Hawaii makes surfing a secondary school sport
Hawaii is to become the first US state to offer surfing as an official secondary school competition sport.
Surfers from Hawaii's 46 state high schools will be able to represent their schools in competitions by spring 2013.
The plan is being privately funded, with $50,000 (£32,000) of the $150,000 cost of the first year secured so far.
Governor Neil Abercrombie said the Pacific islands state was surfing's "birthplace". "The sport is rooted in our culture and way of life," he said.
"It's quite clear, when you think of Hawaii, you think of surfing."
Governor Abercrombie announced the plan near a statue of Duke Kahanamoku - widely considered the father of modern surfing - on Waikiki Beach.
He was accompanied by current women's world surf champion Carissa Moore. The Hawaiian local, 18, this summer became the youngest woman to hold the surfing title.
Ms Moore said the sport had taught her life skills such as perseverance and news that it would be an extramural school sport was "awesome".
"Surfing and riding a wave is so much like life," she said. "You fall down over and over again, but you keep picking yourself back up until you ride one all the way to the beach."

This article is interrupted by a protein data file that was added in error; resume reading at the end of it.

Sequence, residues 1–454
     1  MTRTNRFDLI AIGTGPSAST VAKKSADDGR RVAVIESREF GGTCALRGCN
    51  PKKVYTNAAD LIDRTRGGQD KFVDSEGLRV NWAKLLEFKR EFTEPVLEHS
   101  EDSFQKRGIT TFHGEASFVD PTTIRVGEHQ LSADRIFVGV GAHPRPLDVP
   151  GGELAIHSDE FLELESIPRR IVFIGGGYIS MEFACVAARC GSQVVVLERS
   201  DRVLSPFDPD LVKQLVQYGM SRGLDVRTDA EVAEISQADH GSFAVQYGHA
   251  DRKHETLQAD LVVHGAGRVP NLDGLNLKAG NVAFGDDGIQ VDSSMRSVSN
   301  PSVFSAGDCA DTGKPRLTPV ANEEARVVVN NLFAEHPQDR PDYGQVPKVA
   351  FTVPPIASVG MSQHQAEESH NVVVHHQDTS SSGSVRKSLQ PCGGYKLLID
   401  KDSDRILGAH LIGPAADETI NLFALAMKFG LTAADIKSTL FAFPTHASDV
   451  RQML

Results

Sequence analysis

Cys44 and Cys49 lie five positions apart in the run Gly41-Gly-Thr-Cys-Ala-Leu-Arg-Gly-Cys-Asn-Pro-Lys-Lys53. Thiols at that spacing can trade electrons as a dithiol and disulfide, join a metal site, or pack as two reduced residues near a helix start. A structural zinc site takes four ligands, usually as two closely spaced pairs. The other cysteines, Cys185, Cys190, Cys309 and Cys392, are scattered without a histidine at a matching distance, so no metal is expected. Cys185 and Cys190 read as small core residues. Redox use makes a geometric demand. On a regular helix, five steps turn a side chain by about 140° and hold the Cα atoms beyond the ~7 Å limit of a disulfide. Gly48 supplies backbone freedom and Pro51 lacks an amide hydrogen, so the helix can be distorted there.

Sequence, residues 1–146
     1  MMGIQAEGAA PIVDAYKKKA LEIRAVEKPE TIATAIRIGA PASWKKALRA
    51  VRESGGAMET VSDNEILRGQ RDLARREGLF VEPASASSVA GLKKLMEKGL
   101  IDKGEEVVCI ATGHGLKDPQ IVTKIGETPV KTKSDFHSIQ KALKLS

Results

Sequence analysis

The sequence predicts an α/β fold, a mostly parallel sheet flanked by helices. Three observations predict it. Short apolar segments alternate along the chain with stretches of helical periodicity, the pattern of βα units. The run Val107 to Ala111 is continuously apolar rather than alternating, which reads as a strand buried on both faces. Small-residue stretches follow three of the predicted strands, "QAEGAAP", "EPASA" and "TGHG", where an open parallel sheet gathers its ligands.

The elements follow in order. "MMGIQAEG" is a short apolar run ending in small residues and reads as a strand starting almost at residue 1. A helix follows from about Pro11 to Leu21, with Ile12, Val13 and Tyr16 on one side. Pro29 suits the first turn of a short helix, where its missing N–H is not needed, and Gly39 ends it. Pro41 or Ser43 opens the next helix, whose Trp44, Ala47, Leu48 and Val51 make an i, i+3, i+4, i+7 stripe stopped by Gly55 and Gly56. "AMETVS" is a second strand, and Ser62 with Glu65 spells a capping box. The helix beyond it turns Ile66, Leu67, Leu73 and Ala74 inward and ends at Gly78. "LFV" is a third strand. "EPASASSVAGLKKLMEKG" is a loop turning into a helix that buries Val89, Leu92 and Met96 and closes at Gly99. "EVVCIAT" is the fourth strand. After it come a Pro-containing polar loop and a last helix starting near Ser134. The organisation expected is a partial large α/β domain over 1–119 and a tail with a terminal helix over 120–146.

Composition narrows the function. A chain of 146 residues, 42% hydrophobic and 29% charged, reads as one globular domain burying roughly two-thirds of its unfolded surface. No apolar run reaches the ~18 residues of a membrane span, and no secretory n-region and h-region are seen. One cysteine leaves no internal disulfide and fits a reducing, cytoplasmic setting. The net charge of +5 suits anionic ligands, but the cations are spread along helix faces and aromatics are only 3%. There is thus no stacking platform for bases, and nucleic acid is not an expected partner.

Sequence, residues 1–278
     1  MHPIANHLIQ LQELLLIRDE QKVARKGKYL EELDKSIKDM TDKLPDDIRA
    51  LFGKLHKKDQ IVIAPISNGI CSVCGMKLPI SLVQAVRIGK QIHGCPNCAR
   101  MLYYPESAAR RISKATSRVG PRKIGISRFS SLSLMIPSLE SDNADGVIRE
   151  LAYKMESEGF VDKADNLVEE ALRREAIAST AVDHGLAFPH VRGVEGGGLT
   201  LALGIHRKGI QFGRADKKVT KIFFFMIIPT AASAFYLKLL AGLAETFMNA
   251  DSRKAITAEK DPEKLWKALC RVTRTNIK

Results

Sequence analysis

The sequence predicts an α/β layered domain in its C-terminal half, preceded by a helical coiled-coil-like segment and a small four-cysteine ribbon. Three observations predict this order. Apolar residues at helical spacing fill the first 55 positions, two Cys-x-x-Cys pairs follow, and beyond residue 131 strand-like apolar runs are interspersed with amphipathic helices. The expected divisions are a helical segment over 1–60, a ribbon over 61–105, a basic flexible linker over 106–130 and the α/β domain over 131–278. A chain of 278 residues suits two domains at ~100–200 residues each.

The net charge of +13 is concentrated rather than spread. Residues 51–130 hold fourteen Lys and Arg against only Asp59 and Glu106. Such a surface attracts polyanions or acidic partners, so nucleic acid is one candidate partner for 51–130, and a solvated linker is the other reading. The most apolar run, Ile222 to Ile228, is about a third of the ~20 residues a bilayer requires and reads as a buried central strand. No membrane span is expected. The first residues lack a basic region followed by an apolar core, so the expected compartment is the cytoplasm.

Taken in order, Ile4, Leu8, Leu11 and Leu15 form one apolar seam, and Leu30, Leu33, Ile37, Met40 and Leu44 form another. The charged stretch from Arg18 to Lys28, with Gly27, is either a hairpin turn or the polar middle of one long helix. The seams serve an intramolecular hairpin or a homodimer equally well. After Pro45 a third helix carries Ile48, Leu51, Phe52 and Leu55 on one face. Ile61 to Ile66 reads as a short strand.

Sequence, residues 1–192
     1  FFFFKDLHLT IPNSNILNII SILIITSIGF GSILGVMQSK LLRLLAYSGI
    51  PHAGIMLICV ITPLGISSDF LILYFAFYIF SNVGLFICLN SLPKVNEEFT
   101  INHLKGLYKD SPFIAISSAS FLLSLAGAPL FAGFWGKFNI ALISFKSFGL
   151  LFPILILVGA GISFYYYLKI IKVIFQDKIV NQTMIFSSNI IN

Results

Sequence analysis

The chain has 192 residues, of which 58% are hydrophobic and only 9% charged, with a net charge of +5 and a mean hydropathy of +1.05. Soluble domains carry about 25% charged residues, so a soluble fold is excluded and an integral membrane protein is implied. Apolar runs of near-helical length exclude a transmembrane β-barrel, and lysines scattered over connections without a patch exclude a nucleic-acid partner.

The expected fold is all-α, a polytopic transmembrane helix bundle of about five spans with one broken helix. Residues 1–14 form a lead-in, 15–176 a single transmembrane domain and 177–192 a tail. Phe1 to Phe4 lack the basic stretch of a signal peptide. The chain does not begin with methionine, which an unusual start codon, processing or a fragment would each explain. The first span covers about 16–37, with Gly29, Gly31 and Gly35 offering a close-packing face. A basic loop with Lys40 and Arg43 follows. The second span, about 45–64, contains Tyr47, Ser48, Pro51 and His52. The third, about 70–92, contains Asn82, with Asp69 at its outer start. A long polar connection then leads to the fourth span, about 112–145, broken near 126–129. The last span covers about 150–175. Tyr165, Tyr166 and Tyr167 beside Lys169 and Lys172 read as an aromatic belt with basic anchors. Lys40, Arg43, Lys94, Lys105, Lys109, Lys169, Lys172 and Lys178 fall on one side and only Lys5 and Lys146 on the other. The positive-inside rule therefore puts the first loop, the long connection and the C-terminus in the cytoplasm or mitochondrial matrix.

Ms Moore said surfing was a way to "channel a lot of energy into something positive".
Education department spokesman Alex da Silva said there had been surf clubs in Hawaiian schools for about four years and it was a "natural transition" to offer school-sanctioned surf clubs.
"It also offers something motivational for those who don't participate in other sports, like football and volleyball," he said.
Board of Education member Keith Amemiya said the board was working with the state's education department to develop the structure of the sport in schools.
He said judging in the schools' competition would be similar to that in professional competitions. There would be individual boys' and girls' champions as well as team champions.
The board first approved surfing as a school competition sport in 2004 but safety concerns and funding issues delayed it from being fully sanctioned until now.
Governor Abercrombie said the state would make the plan work. "We're not looking at this in terms of if we don't have all the dollars, we're not going to do anything. Quite the opposite."